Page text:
Alan’s thoughts on cheating. Blog 2

This subject could go so many ways. Cheating?.Cheating in education has been around at least since the first standardized exams were used to select civil servants in ancient China (Whitley & Keith-Spiegel, 2002)—even though the penalty at the time was death!  Most Humans will always try to gain the advantage over each other. I think this can be a dark rabbit hole to go down if one starts to “Cheat” Where does it stop?.. Who decides the rules? That’s why we have laws.

I agree with Mr.Gustav (love that name). I tend to look at cheating as a dirty word associated with dishonesty and deceit. However, the context, intent, frame of mind cannot be ignored. For example, If a student passes of someones work as their own, that is clearly not right. What if the same student gave credit and simply added a few visuals? Starts to get  blurry. Was it cheating that i had the advantage of reading all the others posts before i wrote my own? I never intended it to be that way but had FD training. It certainly helped me by understanding everyone’s perspective.

In the field, you either know it or you don’t. Whether its performance based or academic is irrelevant. It’s just as important to know how to do a quick stability calculation as it is to put on your breathing apparatus quickly. Make a mistake with either and your life could depend on it. It quickly becomes clear who the students are that are trying to bluff their way through. Out of the four questions asked in Daves article, two resonated with me. What mistakes have others made? Are their good/ best practices? I certainly make lots of mistakes and absolutely learn from them. It is out of the mistakes that we learn the good/best practices.

As educators, we should answer the question. What defines cheating in education? I’ll leave that one open for discussion.

I’ll sign off with a personal story from a young students experience regarding cheating. If i don’t tell you the back story it won’t make much sense. So here goes; I was 14 years old when my step-father died suddenly of a cardiac arrest in front of me. His name was Cpl.David Johnson. He was 42. He was an RCMP officer. I loved him, but yet i was helpless to help him. I knew nothing of first aid. It shook me to the core. I decided in that moment i would never feel that way again. So I started studying first aid on my own. Fast forward to two years later. In health class the teacher accused me of cheating on a test because i scored 98% and said i never opened a book ( i had the same manual at home). He accused me in front of everyone. I got angry and told him to ask me any question he wanted. He said “you would know the answer anyway because you cheated! WTF? (hope that’s ok)…is all i remember thinking. He ended up giving me a different version of the test in a room with just him and I the next day. I scored a perfect 100. I will never forget the look on his face after i told him how I knew the material. He was shocked that i learned it on my own. He made a big deal about apologizing. He told the class and me , he would never accuse anyone again. He turned it into a teaching moment that i never forgot. In closing, because of this experience I always try to see a problem from all angles before i rush to judgement.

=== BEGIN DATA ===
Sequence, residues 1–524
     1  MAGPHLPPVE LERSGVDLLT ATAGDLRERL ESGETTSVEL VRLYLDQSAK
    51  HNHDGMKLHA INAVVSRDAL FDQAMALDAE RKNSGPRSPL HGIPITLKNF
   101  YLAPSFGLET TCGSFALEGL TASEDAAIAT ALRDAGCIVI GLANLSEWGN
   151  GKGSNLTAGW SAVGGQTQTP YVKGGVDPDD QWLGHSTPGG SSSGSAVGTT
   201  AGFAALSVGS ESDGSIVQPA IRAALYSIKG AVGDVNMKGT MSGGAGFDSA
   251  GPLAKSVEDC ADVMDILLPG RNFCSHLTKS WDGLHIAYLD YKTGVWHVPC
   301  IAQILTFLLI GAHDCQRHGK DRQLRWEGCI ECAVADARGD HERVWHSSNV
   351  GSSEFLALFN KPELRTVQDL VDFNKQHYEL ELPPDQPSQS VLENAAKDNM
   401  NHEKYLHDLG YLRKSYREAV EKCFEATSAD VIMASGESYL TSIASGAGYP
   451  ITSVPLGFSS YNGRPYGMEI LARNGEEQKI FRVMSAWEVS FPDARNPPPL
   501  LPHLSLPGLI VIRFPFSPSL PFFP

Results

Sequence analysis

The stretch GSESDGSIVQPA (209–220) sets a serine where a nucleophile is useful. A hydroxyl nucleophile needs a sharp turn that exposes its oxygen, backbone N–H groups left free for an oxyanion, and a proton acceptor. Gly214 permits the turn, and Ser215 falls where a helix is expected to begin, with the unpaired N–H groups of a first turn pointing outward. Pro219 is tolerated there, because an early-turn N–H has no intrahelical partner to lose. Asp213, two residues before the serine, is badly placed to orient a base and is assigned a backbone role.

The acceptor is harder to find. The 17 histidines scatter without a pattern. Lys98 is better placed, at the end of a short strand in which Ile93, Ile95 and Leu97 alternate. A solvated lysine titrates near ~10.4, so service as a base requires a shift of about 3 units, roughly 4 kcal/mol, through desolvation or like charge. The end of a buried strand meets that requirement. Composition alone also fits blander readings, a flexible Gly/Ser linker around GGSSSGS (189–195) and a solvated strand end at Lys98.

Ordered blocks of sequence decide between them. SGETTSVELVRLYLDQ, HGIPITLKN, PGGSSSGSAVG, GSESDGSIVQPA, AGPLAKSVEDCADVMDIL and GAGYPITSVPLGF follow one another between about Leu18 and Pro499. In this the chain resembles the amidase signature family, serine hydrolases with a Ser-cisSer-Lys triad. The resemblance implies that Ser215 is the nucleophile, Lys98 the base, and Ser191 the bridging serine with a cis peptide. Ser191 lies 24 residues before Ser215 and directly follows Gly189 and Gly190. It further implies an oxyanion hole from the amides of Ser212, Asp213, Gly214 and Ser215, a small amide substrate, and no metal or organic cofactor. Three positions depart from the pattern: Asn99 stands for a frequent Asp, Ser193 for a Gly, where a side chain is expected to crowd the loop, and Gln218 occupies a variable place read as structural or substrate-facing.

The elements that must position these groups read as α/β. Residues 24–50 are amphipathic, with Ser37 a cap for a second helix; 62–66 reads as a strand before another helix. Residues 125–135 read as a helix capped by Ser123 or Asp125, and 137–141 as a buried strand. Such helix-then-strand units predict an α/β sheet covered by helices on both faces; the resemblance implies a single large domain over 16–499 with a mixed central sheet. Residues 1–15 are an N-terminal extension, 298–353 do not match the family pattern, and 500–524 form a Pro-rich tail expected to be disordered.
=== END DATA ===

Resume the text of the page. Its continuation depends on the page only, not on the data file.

Cheers!

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canadianfireboss

Learning manager at Holland College since 2008.

2 thoughts on “Alan’s thoughts on cheating. Blog 2”

  1. “Was it cheating that i had the advantage of reading all the others posts before i wrote my own? ” I love this. It made me question my take on the cheating topic. I think cheating is still cheating but where is the line between cheating and refocusing or perspective gaining? I think if we allow using other people and their works to test other people’s knowledge then we have to redefine what cheating is and like you said, who makes up the rules? I feel like with this whole topic, the terms were using need to be defined so everyone is on the same page.

    Good story. Sorry about having to go through such a traumatic event so young. It is nice to see that the teacher had the confidence and integrity to apologise and take responsibility for his mistake.

  2. Thank you Rose! I couldn’t agree more with your take on it. Thats my perspective exactly. Your reply even made it more clear to me. Thanks.

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